“As large organizations deploy more applications and assets in the cloud, the speed and scale of technology operations and deployments increase significantly,” said Sorenson Ventures Partner Ken Elefant. “Unfortunately, cloud security and configuration management technologies haven’t been able to keep pace.”
In many enterprises, employees, partners, and users with advanced cloud systems management and security knowledge can easily gain access to sensitive corporate cloud-based customer accounts and company data to which they shouldn’t have permission. It’s become increasingly difficult to manage and administer security and access privileges for fast-paced, large-scale businesses, especially for those organizations operating in complex, multi-cloud and hybrid environments.
The 2019 CapitalOne breach was an unfortunate example of this trend. An unauthorized former Amazon engineer gained access to misconfigured CapitalOne cloud storage servers by taking advantage of system scanning technology and configuration knowledge that she developed while working at AWS. She was able to download personally identifiable information of more than one-hundred million bank customers, including approximately 140,000 Social Security numbers and 80,000 linked bank account numbers. Although none of the stolen data was ultimately used for fraud or malicious activity, CapitalOne was fined $80 million and had to pay affected customers a settlement of $190 million. That’s more than a quarter billion dollars the bank paid due to misconfigured cloud systems.
CloudKnox was founded to prevent repeat occurrences of this type of incident. The Sunnyvale, CA-based company developed a cloud infrastructure entitlement management (CIEM) product to provide comprehensive permissions visibility and control for enterprise Microsoft Azure, Amazon Web Services (AWS) and Google Cloud Platform (GCP) deployments.
Ken Elefant explained, “We expected that traditional configuration products wouldn’t be able to handle rapidly changing security requirements presented by the transition to the cloud and adoption of DevOps. Our network of enterprise CISOs confirmed the urgency and scale of the problem, and we quickly began to see an increase in the number and severity of security incidents that result from overprovisioning and misconfiguration.”
Led by CEO and Co-Founder Balaji Parimi, a former VMware cloud systems and performance and management expert, CloudKnox provided enterprises with a consistent way to implement security policies across cloud infrastructure, while providing complete visibility into which identities were accessing what cloud resources. In addition, CloudKnox automated the principle of least privilege access to ensure that enterprise permissions always align with user roles and responsibilities for all resources across cloud deployments, regardless of vendor.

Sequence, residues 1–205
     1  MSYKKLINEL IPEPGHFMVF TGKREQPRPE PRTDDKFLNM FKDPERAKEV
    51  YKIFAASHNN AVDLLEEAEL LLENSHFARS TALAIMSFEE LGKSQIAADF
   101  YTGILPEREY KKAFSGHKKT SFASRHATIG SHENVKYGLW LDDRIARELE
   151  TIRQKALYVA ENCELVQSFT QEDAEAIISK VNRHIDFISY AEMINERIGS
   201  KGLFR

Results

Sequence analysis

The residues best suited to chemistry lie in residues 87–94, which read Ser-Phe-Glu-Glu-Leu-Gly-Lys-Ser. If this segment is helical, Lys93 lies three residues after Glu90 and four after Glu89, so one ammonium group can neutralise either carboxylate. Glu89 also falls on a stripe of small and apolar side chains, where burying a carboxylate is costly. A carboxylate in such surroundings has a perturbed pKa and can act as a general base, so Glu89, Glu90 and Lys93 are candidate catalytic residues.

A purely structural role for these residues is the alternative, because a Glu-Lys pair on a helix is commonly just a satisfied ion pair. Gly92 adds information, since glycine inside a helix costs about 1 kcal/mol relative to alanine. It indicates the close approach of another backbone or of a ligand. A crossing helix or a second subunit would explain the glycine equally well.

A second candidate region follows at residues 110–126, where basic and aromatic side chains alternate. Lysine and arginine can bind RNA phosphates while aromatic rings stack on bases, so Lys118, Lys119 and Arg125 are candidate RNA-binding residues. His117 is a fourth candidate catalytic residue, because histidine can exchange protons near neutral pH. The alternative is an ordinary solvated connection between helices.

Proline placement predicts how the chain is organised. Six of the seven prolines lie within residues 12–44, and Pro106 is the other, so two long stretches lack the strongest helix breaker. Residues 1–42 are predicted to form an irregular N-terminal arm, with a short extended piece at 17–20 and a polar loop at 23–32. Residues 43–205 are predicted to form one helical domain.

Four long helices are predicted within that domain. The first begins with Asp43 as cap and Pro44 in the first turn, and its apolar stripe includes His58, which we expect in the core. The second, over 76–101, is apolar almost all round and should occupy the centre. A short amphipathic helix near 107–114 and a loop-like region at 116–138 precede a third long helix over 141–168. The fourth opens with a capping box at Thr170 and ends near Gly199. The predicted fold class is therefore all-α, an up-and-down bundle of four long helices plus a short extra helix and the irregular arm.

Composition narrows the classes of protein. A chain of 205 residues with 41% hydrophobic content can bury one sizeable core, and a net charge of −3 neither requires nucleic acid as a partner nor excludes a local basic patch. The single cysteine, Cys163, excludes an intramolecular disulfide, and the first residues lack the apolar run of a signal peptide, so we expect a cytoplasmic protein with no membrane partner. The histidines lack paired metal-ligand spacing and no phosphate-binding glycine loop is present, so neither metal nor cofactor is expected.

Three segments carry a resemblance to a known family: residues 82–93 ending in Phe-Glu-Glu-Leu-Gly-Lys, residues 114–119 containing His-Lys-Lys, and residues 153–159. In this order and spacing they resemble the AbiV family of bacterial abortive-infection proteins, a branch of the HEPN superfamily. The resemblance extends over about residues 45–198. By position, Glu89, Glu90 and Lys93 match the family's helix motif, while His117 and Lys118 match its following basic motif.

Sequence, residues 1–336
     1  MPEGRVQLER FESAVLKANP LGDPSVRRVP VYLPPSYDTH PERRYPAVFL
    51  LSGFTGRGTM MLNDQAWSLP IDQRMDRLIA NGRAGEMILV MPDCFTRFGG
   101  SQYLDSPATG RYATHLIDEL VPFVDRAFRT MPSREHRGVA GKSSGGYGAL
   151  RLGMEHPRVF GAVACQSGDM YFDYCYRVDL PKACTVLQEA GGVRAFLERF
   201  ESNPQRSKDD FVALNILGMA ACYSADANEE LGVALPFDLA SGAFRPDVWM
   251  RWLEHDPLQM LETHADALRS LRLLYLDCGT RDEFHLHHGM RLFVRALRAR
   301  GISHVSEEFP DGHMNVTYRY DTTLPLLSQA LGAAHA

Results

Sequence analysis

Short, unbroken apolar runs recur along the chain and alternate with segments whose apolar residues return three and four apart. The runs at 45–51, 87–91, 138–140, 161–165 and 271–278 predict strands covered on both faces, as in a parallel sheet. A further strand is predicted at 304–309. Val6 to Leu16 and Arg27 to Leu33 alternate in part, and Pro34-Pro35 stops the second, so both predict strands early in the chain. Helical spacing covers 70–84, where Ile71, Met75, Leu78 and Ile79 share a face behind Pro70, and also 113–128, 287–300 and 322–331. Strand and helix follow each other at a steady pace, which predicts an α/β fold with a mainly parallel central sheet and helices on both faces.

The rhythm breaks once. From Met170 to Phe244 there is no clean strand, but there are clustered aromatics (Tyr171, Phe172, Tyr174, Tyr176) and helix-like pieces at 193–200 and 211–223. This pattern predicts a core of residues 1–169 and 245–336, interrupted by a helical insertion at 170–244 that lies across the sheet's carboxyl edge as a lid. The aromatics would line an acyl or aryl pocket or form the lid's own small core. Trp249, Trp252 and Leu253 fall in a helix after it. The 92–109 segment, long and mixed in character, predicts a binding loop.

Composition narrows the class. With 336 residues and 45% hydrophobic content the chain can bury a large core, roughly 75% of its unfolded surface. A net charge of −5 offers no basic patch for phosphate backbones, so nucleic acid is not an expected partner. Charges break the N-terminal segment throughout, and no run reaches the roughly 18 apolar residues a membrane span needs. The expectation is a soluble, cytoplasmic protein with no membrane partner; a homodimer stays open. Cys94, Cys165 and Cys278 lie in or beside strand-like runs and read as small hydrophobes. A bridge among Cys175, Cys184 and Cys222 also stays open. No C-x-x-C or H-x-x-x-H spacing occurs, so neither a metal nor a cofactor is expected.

“What attracted us to CloudKnox was their just-in-time permissioning approach that aligned with the rapid enterprise transition to the cloud,” said Elefant. “CloudKnox gave large organizations a way to dynamically provision access at scale, while adhering to a least privilege access philosophy that reduced attack surface areas and mitigated insider risks in complex cloud environments.”
In December 2019, Sorenson led a $12m investment round into CloudKnox. The funding helped support the startup’s new product development and go-to-market expansion just as enterprise cloud migrations started to take off. Cloudknox revenue more than tripled in 2019, and then tripled again in 2020. CloudKnox’s CIEM products rapidly gained Global 2000 market traction, as large organizations sought out new ways to address cloud vulnerabilities left unattended by traditional cybersecurity vendors’ products.
“We appreciated that Sorenson Ventures had done their homework before we even talked. The first time we met, Ken Elefant and the Sorenson investment team already knew exactly what we were doing and how it solved our target customer problem,” said Balaji Parimi, CEO and Co-Founder of CloudKnox. “Once Sorenson Ventures invested, they pushed us to think about the possibilities and where our business could go. They helped us improve business operations and modeling capabilities, especially with forecasting and financial planning. These became plug-and-play processes which were much faster and easier to handle. They helped prepare us for the future in an industry that was on the verge of taking off.”
In July 2021, Microsoft acquired CloudKnox to help strengthen its Zero Trust security and least privilege principle capabilities. In its article announcing the acquisition, Microsoft said CloudKnox’s technology will serve a critical role in enhancing the comprehensive security framework that the software giant has developed to protect users and resources across multi-cloud and hybrid cloud environments.